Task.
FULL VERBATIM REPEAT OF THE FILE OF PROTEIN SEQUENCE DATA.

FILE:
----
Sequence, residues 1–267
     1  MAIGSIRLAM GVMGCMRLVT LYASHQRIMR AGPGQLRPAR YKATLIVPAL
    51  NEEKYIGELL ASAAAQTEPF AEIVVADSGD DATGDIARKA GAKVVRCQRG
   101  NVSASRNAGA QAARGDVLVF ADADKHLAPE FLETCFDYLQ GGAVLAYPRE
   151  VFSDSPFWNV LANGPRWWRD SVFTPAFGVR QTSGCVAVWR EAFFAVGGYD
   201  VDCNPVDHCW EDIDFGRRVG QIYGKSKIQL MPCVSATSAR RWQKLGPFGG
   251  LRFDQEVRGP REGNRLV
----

Sequence, residues 1–267
     1  MAIGSIRLAM GVMGCMRLVT LYASHQRIMR AGPGQLRPAR YKATLIVPAL
    51  NEEKYIGELL ASAAAQTEPF AEIVVADSGD DATGDIARKA GAKVVRCQRG
   101  NVSASRNAGA QAARGDVLVF ADADKHLAPE FLETCFDYLQ GGAVLAYPRE
   151  VFSDSPFWNV LANGPRWWRD SVFTPAFGVR QTSGCVAVWR EAFFAVGGYD
   201  VDCNPVDHCW EDIDFGRRVG QIYGKSKIQL MPCVSATSAR RWQKLGPFGG
   251  LRFDQEVRGP REGNRLV